It is easy to forget the Labor Day holiday isn't about lakes and bikes and time off from work.
This is our time to reflect on the millions of American workers who keep our country running every day. We also can honor a segment of our working population that goes unnoticed by most residents. I refer to the 464,000 Direct Support Professionals around the country who provide support to individuals with disabilities.
These Direct Support Professionals have not gone unnoticed by our national leaders. The U.S. Senate has passed a resolution naming the week starting Monday as National Direct Support Professionals Week. This week is set aside in order to shine a national light on the dedication and importance of DSPs. Colorado is one of seven states that have joined in recognizing National DSP Week.
DSPs work with individuals with disabilities and seniors in residential settings and private homes, helping to assure people who are unable to live independently still are able to live healthy and fulfilling lives in their communities. DSPs provide this support through helping individuals with their personal hygiene, home cleaning, cooking, shopping and getting around the community. In addition, DSPs often serve as mentors and teachers, helping people with cognitive impairments learn better social skills, get community jobs and increase their independence.
The work of a DSP can take patience and creativity to figure out ways to teach skills to someone who doesn't learn in typical ways. There may be physical labor involved in lifting and transferring a person in a wheelchair or bathing and assisting with toileting.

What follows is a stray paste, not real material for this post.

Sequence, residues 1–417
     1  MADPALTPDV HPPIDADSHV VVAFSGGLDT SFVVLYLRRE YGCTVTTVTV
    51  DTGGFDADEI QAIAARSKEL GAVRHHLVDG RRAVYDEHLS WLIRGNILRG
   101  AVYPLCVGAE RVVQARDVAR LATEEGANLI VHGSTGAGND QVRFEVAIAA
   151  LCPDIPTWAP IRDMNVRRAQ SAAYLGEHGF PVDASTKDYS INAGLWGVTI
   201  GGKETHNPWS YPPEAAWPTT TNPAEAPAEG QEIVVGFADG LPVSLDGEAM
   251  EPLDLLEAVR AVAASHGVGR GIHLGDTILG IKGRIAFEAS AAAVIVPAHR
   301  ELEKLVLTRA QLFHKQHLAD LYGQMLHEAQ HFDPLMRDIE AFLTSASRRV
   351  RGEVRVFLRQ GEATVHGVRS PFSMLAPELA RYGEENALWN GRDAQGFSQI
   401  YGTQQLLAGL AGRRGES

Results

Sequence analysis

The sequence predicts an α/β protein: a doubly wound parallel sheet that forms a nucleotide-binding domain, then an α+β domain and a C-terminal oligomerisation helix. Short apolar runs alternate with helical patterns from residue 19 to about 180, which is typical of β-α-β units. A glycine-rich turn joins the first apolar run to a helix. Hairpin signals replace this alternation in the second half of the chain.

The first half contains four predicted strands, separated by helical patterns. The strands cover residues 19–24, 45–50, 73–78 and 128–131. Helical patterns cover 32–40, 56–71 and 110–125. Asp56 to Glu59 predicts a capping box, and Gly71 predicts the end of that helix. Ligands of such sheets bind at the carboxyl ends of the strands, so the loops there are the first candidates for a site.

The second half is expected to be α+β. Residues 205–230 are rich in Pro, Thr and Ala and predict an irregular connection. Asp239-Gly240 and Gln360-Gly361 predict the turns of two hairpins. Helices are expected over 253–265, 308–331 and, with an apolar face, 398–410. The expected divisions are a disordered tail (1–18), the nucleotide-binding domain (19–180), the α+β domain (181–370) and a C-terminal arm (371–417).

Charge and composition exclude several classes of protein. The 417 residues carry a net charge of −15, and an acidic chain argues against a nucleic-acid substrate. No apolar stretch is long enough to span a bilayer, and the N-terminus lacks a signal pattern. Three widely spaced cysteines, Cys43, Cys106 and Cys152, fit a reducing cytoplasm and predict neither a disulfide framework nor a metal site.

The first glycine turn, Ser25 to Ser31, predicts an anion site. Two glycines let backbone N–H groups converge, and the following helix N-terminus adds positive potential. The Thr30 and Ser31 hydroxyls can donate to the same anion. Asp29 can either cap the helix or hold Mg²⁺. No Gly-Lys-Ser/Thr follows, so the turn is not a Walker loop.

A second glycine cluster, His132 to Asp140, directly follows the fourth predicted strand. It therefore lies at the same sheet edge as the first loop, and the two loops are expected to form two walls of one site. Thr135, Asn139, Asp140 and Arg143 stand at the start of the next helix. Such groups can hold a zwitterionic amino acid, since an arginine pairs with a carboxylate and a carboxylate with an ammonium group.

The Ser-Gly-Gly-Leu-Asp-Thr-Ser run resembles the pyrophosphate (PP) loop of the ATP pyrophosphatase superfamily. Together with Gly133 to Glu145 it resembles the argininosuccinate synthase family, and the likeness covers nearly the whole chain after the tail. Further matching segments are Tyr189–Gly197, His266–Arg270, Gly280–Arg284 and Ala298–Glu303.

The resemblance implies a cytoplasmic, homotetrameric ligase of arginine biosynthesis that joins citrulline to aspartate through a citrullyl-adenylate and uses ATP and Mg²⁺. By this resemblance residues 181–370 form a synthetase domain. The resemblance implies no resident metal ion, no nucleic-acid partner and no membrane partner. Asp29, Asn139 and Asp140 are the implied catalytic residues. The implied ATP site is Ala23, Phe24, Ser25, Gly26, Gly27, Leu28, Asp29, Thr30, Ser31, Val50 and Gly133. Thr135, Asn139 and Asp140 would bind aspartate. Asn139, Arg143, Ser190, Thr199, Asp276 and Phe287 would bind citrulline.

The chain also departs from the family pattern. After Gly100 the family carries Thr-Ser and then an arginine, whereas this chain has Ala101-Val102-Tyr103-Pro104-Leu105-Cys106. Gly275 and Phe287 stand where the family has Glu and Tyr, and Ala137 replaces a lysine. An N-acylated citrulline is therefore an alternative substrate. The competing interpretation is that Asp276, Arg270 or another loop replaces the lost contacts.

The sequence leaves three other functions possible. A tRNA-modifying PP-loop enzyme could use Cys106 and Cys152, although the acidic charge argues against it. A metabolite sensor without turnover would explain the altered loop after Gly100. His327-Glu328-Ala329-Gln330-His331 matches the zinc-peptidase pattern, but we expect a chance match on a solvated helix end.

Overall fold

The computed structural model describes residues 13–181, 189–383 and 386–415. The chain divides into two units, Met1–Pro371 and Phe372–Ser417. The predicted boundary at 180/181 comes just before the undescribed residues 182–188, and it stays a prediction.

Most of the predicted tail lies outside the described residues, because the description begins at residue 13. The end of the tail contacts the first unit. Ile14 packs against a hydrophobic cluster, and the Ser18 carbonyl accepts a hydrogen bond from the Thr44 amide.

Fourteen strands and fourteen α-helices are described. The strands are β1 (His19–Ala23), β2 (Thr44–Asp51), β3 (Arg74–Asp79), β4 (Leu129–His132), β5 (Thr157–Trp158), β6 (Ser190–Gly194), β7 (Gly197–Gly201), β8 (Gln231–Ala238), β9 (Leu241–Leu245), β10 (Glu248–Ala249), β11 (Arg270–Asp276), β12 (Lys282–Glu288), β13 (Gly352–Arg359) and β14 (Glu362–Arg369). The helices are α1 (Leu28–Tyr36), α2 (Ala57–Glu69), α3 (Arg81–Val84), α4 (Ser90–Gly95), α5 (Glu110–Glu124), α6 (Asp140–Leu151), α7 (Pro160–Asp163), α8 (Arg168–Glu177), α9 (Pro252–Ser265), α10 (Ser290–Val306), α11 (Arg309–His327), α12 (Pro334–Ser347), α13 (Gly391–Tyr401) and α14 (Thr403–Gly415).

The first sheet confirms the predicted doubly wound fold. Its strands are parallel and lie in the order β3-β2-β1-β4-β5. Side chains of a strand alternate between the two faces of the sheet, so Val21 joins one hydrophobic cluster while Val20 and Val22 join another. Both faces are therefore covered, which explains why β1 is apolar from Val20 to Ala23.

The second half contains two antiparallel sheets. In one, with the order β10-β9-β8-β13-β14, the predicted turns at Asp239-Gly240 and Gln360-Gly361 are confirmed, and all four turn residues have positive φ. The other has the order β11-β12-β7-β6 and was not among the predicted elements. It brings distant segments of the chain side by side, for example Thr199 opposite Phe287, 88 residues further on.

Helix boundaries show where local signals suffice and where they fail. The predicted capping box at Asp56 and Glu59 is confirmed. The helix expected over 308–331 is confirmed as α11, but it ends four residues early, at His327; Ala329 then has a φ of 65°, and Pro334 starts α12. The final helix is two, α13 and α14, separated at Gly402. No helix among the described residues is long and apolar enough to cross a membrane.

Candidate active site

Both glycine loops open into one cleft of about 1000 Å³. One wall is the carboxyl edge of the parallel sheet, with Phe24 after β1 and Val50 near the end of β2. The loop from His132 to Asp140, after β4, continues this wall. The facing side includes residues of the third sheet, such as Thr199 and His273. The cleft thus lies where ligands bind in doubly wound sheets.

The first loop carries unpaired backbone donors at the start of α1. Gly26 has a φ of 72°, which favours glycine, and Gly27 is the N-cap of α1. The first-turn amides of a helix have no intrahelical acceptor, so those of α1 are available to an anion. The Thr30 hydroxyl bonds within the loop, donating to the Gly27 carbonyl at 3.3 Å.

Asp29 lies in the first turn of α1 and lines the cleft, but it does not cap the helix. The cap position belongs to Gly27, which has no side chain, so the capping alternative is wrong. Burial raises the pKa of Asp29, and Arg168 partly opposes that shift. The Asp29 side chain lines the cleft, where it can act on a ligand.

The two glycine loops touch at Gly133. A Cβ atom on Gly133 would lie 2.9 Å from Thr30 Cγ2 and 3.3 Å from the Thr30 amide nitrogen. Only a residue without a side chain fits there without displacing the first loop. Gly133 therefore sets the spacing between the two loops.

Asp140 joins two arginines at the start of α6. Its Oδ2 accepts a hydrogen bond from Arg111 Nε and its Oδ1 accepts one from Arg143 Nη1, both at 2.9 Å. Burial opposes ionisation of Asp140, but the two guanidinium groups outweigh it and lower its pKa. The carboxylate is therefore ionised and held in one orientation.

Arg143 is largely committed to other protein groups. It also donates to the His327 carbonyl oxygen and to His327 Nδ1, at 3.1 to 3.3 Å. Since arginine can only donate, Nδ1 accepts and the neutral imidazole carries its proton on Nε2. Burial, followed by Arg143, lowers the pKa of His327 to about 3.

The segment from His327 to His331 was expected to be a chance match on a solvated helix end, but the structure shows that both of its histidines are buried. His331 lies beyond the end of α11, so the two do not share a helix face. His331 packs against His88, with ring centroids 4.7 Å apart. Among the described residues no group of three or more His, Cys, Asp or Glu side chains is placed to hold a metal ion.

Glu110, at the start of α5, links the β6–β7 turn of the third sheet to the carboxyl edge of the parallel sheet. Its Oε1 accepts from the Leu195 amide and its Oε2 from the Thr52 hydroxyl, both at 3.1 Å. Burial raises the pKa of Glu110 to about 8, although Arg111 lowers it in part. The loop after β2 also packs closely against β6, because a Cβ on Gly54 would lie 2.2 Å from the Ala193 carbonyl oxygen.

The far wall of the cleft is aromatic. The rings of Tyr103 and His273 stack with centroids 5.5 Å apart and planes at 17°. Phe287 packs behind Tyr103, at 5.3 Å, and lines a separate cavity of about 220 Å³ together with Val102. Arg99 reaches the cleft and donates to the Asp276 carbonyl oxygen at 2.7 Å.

Because most DSPs work in programs supported by Medicaid, inadequate funding keeps the wages low. Nationwide, the average hourly wage for a DSP is $9.85 per hour (compared to $18.00 overall for workers in nonsupervisor positions).
Still, people who work as DSPs often are highly committed to the job, in spite of the pay. For more than 11 years, Benay Stein has worked as a DSP with Community Connections, the local agency that serves individuals with disabilities and employs more than a hundred DSPs. She acknowledges the pay is not what attracted her to the job.
"It's personally fulfilling," Stein said. "I love the clients (individuals with developmental disabilities), and we have a lot of fun. There's the flexibility within the day to do many different things in the community."
Yet Community Connections is like many agencies nationwide in its struggle to keep enough DSPs to provide services. The average turnover is 50 percent in the industry, and the number of DSPs entering the field is not keeping up with the increasing number of individuals who need their skills and dedication.
With this in mind, take the time to remember the Direct Support Professionals who are bringing dignity to the lives of millions of individuals of every day.
For more information about DSP's or how to become one, call Community Connections at 970-259-2464, or email firstname.lastname@example.org.
Tara Kiene is the director of case management for Community Connections.